This timely book helps teachers work with those students who have experienced adversity and trauma. It is a practical guide for those teachers who wish to support therapeutic art making in their practice.
Differentiated Instruction in Art by Heather L. R. Fountain
This invaluable resource adapts the leading theories, ideas, and best practices specifically for art educators. Whether you’re teaching remotely or in person, this book will provide you with new, practical, successful ideas for reaching all of your students.
Using the Art Museum by Denise L. Stone
During COVID-19, many world-class museums have posted their collections online. And this month, many museums are reopening. The Heard Museum in Phoenix, where I live, has reopened with temperature checks as people enter and with social distancing. Using the Art Museum provides practical ideas for making your local art museum an exceptional education resource.
Thinking through Aesthetics by Marilyn G. Stewart
Designed to encourage your students to ask questions about art, this book features a wealth of specific activities that facilitate philosophical inquiry and develop critical thinking skills. Reproducible worksheets and activity pages are included.
Roots of Art Education Practice by Mary Ann Stankiewicz
Brush up on your history of current art education practices with this book that explores the circumstances under which curricular practices originated, including the focus on the elements of art and the principles of design.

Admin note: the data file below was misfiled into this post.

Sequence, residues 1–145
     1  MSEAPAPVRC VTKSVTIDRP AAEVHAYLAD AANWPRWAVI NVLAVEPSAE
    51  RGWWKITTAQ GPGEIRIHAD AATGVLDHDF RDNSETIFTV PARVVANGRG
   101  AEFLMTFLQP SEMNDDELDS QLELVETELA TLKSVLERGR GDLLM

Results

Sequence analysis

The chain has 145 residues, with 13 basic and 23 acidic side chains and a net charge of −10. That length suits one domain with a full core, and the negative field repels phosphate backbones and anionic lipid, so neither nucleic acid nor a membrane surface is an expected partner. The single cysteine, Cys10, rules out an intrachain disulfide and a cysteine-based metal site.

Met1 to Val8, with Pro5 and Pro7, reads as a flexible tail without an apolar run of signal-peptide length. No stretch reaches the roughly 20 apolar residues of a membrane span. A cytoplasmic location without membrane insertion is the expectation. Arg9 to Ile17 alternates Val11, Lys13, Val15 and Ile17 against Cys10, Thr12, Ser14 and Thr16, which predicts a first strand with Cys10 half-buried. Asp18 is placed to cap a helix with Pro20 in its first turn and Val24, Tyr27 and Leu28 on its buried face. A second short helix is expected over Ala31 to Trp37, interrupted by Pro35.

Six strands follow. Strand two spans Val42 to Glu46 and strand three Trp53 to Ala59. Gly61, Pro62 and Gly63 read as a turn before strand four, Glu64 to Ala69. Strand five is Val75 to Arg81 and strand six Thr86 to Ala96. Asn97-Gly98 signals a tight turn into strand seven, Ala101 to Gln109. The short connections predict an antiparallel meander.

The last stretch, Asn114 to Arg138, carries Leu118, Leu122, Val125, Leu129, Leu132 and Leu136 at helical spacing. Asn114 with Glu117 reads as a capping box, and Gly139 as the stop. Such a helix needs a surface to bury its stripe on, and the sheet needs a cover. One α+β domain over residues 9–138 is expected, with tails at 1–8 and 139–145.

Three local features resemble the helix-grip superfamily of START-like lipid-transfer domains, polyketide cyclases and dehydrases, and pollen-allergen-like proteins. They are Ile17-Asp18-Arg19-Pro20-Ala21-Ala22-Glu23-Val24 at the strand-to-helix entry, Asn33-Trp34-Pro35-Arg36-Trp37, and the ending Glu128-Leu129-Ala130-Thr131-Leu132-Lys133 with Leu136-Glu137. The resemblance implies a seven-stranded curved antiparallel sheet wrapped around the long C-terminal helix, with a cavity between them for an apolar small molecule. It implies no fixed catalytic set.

Teaching Meaning in Artmaking by Sydney R. Walker
Built on a constructivist philosophy of learning, this book explores ways of fostering inquiry and discovery in the studio classroom. Tips on designing meaningful studio instruction and problem-solving strategies are included.
Community Art in Action by Kristin Congdon
This resource shows how art education programs can be expanded to address community-based and cultural traditions. The text explains how art and aesthetic choices are at the heart of communities and includes activities for expanding student awareness of traditions in communities and around the world.
Rethinking Curriculum in Art by Marilyn G. Stewart
Research shows that thematic teaching across the curriculum significantly increases student engagement. This book gives concrete examples of how teachers can enhance their current lessons and studio activities by organizing them around meaningful, universal themes such as identity, conflict, and relationships. This focus on meaningful themes that affect students’ lives is particularly important in these challenging times.
Assessment in Art Education by Donna Kay Beattie
This text details and evaluates a wide variety of performance assessment strategies, from portfolios and art journals to integrated performance options. Traditional methods, scoring and judging strategies, as well as formative and summative assessment styles are all explored.
Engaging Visual Culture by Karen Keifer-Boyd and Jane Maitland-Gholson
A great guidebook for teachers to help students make sense of the pervasive flow of visual information shaping their worldview and way of being. Reproducible handouts and worksheets include practical strategies for teaching each chapter.
You can also keep your mind engaged with these new titles:
- SchoolArts Collection: STEAM
- Adaptive Art: Deconstructing Disability in the Art Classroom
- Making Artists
- Fashion Fundamentals
- Beautiful Stuff from Nature
Davis is here to help you in these challenging times. We offer free webinars on topics from leading experts, along with other customized professional development and resources.
Stay healthy, stay safe, and stay energized!